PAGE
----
We arrived at Port Ellen and parked our bikes behind the public loos. The format is quite simple. There is a separate men’s and women’s tournament. The teams are divided into groups for a round-robin stage where each team plays all the others in their group. The matches are two halves of 4 minutes each way. There are no scrums or line outs. Once tackled the player must get the ball back to his team within 3 seconds or the ball is handed over to the other team. Fouls and infringements give the ball to the offended against team. A try is 1 point and points for each team are added at the end of the group matches. The group winners, the ones with the most points, go through to the knock-out stages of the main competition. The runners up go into a Plate competition and there is a another consolation competition for teams finishing third in their groups. The eliminated teams can now, as the commentator said, drink even more than they were when they were still in the competition. There are three pitches marked out for the early stages with a halfway line and two try lines.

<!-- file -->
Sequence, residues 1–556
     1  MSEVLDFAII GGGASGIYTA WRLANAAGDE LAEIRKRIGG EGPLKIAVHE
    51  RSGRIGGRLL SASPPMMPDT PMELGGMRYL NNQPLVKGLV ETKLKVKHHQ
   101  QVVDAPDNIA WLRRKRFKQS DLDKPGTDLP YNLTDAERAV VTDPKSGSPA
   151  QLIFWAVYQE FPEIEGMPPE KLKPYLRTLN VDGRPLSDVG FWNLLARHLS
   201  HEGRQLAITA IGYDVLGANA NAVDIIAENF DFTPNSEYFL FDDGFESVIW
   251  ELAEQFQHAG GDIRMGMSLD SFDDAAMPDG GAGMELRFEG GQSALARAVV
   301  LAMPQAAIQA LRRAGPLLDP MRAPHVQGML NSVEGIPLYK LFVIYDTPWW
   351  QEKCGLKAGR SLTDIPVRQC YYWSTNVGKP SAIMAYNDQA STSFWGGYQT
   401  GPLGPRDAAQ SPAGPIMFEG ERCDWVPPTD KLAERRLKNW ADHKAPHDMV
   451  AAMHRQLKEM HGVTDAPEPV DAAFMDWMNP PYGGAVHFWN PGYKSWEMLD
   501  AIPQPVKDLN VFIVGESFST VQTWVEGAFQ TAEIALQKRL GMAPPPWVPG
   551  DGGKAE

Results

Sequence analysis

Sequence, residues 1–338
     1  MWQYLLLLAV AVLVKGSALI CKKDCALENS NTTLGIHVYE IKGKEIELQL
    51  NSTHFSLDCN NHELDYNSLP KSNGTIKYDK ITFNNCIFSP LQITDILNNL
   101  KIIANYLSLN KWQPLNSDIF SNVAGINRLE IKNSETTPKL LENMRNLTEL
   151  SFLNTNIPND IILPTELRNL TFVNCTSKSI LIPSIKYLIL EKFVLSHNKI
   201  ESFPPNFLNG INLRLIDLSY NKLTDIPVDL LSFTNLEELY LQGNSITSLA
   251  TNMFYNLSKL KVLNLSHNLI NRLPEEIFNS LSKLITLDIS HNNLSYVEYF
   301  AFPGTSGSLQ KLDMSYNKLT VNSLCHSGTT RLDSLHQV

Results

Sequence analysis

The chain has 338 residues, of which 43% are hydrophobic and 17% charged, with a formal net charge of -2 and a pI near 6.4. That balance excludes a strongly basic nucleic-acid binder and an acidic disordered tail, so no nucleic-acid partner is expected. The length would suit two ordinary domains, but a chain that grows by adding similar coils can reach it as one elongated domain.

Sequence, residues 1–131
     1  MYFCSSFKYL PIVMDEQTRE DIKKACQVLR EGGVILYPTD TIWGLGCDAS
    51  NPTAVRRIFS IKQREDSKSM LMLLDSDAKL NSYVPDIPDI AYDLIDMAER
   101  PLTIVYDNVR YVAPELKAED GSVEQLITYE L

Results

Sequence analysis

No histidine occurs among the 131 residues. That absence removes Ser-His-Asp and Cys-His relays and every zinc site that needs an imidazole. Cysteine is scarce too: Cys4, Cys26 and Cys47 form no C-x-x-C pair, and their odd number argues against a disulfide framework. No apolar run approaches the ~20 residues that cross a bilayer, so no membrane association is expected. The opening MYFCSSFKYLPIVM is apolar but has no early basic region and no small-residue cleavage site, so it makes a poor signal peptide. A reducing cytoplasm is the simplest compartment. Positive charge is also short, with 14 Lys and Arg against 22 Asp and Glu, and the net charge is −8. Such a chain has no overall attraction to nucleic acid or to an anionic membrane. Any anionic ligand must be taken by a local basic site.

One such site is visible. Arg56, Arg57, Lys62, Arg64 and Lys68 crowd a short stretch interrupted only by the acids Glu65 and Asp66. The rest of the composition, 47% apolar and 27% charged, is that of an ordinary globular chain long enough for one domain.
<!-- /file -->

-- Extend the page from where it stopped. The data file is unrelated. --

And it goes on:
Islay June 2013 034 beach rugby

The games were fast and furious and great entertainment. There was no messing and the tackling was often ferocious, both in the men’s and women’s matches. The sand was fine, loose and deep and no doubt moderated the speed of running and the force of tackling to some extent but none-the-less a few injuries were suffered, hopefully not too serious. Apart from the games there were two notable entertaining features of the event. The first was the free Bruichladdich whisky and gin tent. I say free but you had to make a charitable donation in exchange for your drinks. Mike and I had a number of gin and tonics and, from the food wagons, a large portion of cracked crab claws. Not quite cracked enough as it happened but Mike had his emergency pliers with him so the day was saved. He generously lent them to one of the eliminated women’s teams that had sat in front of us  and were having a similar problem with their crabs. They charitably engaged us in a little banter which ended abruptly when one of the eliminated men’s teams came to join them. Pity. We had so much to offer. The other notable feature was the commentator who was very droll and entertaining. He had a clever way of dealing with lost property as well as plugging the various items available for purchase. Amongst these were ‘Eat Sand’ T shirts which he informed us were available for men in medium, large, extra large and extra extra large and for the women, extra tight. After the main final we rode home along the bottom road around 6.00 in the evening and called in at the Harbour Inn Hotel Restaurant in Bowmore to book a table for two at 9.30 before going home for a shower and changing for the evening.